Beating Your Sugar and Starch Addiction

A secret to a healthy body, whether you are diabetic or not, is to eat the right foods the right way. Nutritionists recommended keeping your blood sugar level reduced to prevent sudden increases of insulin. Although the main culprit of insulin spikes is starch, you do not have to eliminate carbohydrates entirely in your diet.

A new book entitled “The Sugar Blockers Diet” provides tips on taking advantage of natural substances in food that would help slow down carbohydrate digestion and entry into the bloodstream. Keeping your blood sugar level at neutral–not too high, not too low–can actually help your body burn fat, which everyone can achieve with together with a balanced diet and exercise.

Have a fatty snack – Eat snacks that have up to a teaspoon of fat, such as a handful of nuts or a piece of cheese, 10 to 30 minutes before your meals. You actually remain fuller longer, thanks to how fat helps in slowing down your stomach’s digestion of food.

Start your meal with a salad – Soluble fiber found in plants absorbs starch and sugar like a sponge in your intestines. The soluble fiber eventually dissolves and slowly releases glucose, making your body require less insulin to handle it. A rich source of soluble fiber is salads, which you should eat before consuming any starch.

Take some vinegar – Vinegar has high amounts of acetic acid that helps deactivating amylase, an enzyme that turns starch into sugar. It does not matter what kind of vinegar you use, as long as you take it in moderation (about half a tablespoon before meals). You can use it as salad dressing or use it as an alternative for salt. Vinegar also increases the body’s sensitivity to insulin. Take note that amylase only acts on starch only, so while vinegar will help your body as you eat bread, it does not when you eat candy.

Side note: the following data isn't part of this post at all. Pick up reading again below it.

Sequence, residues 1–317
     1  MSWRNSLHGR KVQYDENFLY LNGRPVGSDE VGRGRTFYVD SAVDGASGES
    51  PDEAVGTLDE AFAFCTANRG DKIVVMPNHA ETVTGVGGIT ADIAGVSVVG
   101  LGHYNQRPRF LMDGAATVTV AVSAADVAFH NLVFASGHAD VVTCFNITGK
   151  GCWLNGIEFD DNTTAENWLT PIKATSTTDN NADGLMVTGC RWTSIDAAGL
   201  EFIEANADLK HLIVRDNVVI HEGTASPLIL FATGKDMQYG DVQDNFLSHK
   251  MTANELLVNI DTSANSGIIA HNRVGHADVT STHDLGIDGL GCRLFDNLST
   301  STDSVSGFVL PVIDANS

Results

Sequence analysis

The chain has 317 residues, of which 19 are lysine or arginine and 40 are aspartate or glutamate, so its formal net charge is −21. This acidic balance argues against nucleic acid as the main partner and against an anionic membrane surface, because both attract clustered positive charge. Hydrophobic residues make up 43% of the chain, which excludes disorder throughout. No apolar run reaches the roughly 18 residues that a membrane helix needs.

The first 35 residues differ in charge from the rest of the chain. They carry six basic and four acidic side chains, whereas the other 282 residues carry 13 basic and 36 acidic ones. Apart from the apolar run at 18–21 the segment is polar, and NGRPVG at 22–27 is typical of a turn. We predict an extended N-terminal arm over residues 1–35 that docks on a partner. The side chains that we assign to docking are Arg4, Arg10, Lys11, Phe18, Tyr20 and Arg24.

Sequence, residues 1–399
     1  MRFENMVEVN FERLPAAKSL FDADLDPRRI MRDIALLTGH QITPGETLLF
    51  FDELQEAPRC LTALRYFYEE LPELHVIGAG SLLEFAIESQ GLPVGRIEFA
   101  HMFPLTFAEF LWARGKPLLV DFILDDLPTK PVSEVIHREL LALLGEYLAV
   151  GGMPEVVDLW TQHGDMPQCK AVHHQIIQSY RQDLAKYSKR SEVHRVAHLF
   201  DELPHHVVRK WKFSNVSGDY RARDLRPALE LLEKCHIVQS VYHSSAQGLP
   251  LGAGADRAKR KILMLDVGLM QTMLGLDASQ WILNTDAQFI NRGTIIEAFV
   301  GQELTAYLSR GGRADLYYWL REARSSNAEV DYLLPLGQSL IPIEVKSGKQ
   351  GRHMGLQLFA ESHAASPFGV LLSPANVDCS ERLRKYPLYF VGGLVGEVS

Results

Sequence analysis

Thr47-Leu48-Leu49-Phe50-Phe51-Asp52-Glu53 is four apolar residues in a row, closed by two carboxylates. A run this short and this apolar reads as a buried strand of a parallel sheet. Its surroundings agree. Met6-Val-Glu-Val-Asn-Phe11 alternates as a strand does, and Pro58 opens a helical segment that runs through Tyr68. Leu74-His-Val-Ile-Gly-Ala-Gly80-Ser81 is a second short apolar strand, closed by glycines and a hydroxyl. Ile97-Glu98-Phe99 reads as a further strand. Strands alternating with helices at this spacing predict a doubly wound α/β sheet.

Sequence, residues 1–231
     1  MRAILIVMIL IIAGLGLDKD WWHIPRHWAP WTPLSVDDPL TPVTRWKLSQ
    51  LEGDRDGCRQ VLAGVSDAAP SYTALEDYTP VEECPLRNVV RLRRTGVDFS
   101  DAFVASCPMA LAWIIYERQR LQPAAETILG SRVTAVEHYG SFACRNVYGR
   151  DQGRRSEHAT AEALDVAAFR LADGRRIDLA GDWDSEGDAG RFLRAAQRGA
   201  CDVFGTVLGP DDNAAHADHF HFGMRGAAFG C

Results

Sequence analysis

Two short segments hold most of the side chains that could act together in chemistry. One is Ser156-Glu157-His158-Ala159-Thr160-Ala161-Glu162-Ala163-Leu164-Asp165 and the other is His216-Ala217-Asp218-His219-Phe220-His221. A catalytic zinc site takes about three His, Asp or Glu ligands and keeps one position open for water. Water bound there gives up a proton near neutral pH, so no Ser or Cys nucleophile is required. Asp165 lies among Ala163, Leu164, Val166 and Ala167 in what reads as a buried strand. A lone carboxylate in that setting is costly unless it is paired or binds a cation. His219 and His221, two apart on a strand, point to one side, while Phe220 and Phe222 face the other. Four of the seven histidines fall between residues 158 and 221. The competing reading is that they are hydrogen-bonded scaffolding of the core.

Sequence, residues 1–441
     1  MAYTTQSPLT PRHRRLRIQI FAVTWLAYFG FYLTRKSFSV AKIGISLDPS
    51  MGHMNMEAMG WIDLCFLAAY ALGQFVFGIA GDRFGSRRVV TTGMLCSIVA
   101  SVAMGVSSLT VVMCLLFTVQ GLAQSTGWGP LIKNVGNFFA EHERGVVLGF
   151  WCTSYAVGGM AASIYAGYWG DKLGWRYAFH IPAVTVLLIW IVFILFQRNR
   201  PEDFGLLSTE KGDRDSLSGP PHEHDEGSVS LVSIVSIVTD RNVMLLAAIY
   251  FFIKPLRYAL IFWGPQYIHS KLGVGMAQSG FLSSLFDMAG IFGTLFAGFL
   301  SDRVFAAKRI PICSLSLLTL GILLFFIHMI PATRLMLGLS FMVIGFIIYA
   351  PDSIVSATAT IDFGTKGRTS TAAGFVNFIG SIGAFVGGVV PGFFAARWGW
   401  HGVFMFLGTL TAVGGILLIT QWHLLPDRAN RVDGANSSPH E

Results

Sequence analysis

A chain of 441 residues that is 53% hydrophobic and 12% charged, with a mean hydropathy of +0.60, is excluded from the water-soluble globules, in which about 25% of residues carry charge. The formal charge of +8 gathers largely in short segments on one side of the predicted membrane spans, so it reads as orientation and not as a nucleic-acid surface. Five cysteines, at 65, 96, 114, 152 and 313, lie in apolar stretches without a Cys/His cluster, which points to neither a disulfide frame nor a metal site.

Include protein in your meal – Protein has an unusual way of helping your body reduce insulin spikes: by making your body secrete insulin so fast that it keeps your blood sugar from rising as high later.

Keep your vegetables lightly cooked – While vegetables contain helpful soluble fiber, cooking them to mush would saturate the fiber before you even eat it. That is because the soluble fiber has absorbed water instead of sugar and starch in your body. Also, eating crispy, lightly cooked vegetables remain chunky when they reach your stomach; and larger food particles take more time to digest, thus keeping you fuller.

Drink a glass of wine with dinner – Alcohol has unique properties in blocking sugar into your bloodstream. Your liver normally converts some of the fat and protein in your bloodstream into glucose, which adds to the glucose already converted from the starchy foods you eat. However, alcohol taken with a meal temporarily halts your liver’s glucose production. Any alcohol will do, whether it is beer, wine, or a shot of hard liquor. Take note that just one glass of alcohol is all you need, and that sugar-loaded cocktails are not recommended.

Eat sweets at the end of the meal – Eating desserts on an empty stomach leaves your body unprepared for the sudden rush of sugar into the bloodstream. Meanwhile, take in sweets to the end of the meal and your body has all the built-in protection–from fat to soluble fiber, from protein to acetic acid. You can eat as much sweets as you can hold in the cup of your hand.

Source: Prevention

 

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